New Beatles course emerges in PBA music department
This fall, your assignment may have been to listen to the Beatles' “I Feel Fine." This specialized music course only offered every couple of years, is instructed by Professor Michael O’Conor and delves into the iconic British rock band.
O’Connor has always had a deep passion for music as a whole. He majored in music education at Tennessee Tech University, where he earned his undergraduate degree. At PBA, he teaches multiple music courses and directs various musical ensembles on campus.
“I (established) and direct the Early Music Ensemble and the World Music Ensemble, which includes Irish Traditional Music, Salsa, Bossa Nova and even a polka band," said O’Connor. “I also (oversee) the brass ensemble.”
When O’Connor contemplated creating a new special-topic music class, the idea for the Beatles course quickly emerged.
“I’ve done other classes. I did an entire class on rock music in 1971,” said O’Connor. “But I thought about the Beatles because I grew up with them. I discovered them as a teenager.”
O’Connor’s enduring affection for the Beatles is apparent in his teaching. In the class, he shares his admiration for the Beatles through his expertise, various video clips and the textbook titled "The Gospel According to the Beatles."
Despite the controversial history of the Beatles, O’Connor’s class proposal did not receive much pushback.
“I imagine there were some who raised an eyebrow at the idea,” said O’Connor. “I think the provost at the time kind of questioned the idea.”
O’Connor believes, as Christians, it is necessary to be knowledgeable about the outside world, without endorsing or supporting the values.
The class is more than listening to their music -- it is also an in-depth look at the change as the Beatles grew, and their impact on culture at the time.
Naturally, the course focuses on the musical aspect of the Beatles, but also the societal and psychological impact of the band.
The course dives into the Beatles' songs and how their style transformed the music landscape. From their early “skiffle” sound to their later folk sound, students gain insights into every aspect of their musical journey.
“At first I was going to touch on every single Beatles song. I quickly found that was not going to happen,” said O’Connor. “Now, it is the ones that help tell their story -- from both a social and musical journey.”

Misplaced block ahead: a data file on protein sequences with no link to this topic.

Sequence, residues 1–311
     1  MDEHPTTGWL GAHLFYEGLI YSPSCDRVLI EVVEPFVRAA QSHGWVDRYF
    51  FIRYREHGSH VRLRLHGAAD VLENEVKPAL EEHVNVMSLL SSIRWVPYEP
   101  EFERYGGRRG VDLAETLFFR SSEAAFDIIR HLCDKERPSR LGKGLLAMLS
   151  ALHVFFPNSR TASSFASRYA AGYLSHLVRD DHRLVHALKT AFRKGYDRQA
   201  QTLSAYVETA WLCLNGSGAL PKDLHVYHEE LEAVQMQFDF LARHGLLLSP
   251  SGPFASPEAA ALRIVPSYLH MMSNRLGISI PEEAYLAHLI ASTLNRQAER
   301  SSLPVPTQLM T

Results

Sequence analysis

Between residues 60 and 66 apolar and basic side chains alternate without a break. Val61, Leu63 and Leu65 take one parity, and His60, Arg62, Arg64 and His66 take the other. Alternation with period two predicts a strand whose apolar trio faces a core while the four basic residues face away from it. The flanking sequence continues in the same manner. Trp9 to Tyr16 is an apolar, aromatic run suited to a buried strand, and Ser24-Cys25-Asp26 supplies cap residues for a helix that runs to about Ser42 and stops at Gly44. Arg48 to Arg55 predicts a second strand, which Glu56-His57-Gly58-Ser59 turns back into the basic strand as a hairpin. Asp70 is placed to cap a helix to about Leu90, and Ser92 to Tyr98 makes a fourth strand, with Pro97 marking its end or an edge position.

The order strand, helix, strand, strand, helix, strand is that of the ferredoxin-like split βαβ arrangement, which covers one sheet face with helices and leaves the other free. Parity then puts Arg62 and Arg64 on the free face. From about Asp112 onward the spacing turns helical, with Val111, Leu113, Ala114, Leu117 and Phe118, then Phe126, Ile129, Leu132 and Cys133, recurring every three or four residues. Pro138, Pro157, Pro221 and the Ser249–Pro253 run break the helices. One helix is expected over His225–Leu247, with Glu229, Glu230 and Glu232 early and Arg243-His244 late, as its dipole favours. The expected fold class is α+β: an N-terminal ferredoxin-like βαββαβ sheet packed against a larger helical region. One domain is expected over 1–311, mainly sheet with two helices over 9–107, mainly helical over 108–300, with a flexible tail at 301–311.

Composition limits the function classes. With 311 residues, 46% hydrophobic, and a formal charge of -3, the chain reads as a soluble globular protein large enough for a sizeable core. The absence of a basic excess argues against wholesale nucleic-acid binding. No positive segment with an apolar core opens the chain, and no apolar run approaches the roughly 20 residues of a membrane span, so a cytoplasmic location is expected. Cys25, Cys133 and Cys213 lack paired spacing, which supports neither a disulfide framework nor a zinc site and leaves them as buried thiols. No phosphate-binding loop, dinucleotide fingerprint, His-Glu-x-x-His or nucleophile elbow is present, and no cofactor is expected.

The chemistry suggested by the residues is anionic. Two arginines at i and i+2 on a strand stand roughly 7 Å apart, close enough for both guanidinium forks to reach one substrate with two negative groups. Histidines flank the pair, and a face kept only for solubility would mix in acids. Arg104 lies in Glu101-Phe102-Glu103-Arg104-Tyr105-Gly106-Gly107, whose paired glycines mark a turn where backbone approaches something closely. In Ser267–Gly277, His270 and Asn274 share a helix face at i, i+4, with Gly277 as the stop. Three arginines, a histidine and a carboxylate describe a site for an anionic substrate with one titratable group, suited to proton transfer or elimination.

O’Connor is not the first university professor to teach a course devoted to a musical group. The University of Rochester has a virtual Beatles course and The University of Pittsburgh has a Led Zeppelin Course.
Melody Thomas, one of the students enrolled in O’Connor’s course sheds some light as to why these courses are so popular.
“I really like the class because I get to learn more about a band that used to be well-known and still is,” said Thomas. “At first I didn’t know any of the members. Now I know them, their history and their music history. I find this class really fun to learn.”
Professor Sean Radford, the coordinator of the popular music program, reiterates this opinion.
“To study the music of The Beatles academically is really to study a major turning point in contemporary music, sort of like the Renaissance,” said Radford.
Radford also associates aspects of music today, such as forms of songs, as having been inspired by the Beatles’ music.
This course not only contributes to your academic grade but can also count as a "Faith, Roots and Reason" course credit, as stated in the email announcing the course's return this fall.
Even though the course is not offered every fall, students will likely still have the chance to take it before graduating from PBA.
“About every three years, the course is offered,” said Professor O’Connor. “So every PBA student has at least one opportunity to take it.”
By Savannah Carr